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How do I deal with a pregnant patient?


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Every now and then, a pregnant patient shows up on a general medical floor or in the ER. And unless you’re used to taking care of pregnant women, you’re apt to feel a little out of your league. Don’t worry—the basics of care are essentially the same. The only difference is that you now have two patients instead of one.

Since your care will depend on the woman’s stage of pregnancy, ask her how far along she is. If she’s in the very early stages of pregnancy, you might not need to do anything beyond making sure her medications are safe for use in pregnancy. (Of course, you’ll also help her deal with any uncomfortable pregnancy symptoms, such as daily vomiting.) If she’s further along, you may be asked to monitor the fetus as well. If so, a Doppler stethoscope is your best bet. Simply apply the lubricating jelly to the mother’s belly and slide the Doppler along until you hear the fast, galloping heartbeat of the fetus. You’ll know you have it because it’s significantly faster than the mom’s heartbeat. Record the fetal heart rate as ordered. The mother-to-be may also be asked to provide kick counts, an assessment of the fetus’s activity over an hour or so.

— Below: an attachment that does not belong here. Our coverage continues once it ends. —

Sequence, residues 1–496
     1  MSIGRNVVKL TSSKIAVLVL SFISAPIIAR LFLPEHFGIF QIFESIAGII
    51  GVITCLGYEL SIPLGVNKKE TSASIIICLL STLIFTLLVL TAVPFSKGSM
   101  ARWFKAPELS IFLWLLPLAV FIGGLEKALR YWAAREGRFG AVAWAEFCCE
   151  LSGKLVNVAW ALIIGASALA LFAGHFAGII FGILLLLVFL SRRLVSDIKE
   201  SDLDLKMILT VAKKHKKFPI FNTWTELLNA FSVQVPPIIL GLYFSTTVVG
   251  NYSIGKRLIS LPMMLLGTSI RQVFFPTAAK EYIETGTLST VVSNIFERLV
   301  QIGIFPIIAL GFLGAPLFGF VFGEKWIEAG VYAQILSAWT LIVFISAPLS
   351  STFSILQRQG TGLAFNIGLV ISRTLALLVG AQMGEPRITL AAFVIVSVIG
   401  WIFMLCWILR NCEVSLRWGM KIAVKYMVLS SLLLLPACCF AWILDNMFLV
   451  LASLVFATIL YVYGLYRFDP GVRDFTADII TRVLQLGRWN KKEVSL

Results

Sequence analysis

Bear in mind that the physiology of a pregnant woman is somewhat different from a non-pregnant woman. Pregnancy causes a significant increase in cardiovascular volume, so you may notice a faster-than-normal maternal heart rate (about 10 to 15 beats/minute greater) and a slight decrease in blood pressure, due to decreased vascular resistance. She may also complain of shortness of breath, particularly in the later stages of pregnancy, and may void small amounts frequently. For her comfort—and her fetus’s well being—keep her off her back. The weight of the uterus can compress the vena cava, causing a decrease in blood pressure and decreased blood flow to the uterus.

Of course, certain diagnostic tests, such as abdominal x-rays, are out of the question, so make sure that all medical personnel are informed of your patient’s pregnancy. Pharmacy should be notified as well, so they can screen any prescribed medications for safety in pregnancy.

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One Response to How do I deal with a pregnant patient?

  1. Nicole, RN

    I would also suggest questioning mom about her prenatal care she has been receiving. If she does not appear to have adequate prenatal care it might be helpful to set her up with the social worker to see what her options and resources may be. It is just as important to deal with the mother’s emotional health and well-being as well as her physical health. If you are in the hospital and have concerns for the mother or baby’s safety, you can always page the in-house OB/GYN MD on call to answer more specific questions and concerns that may be over your head.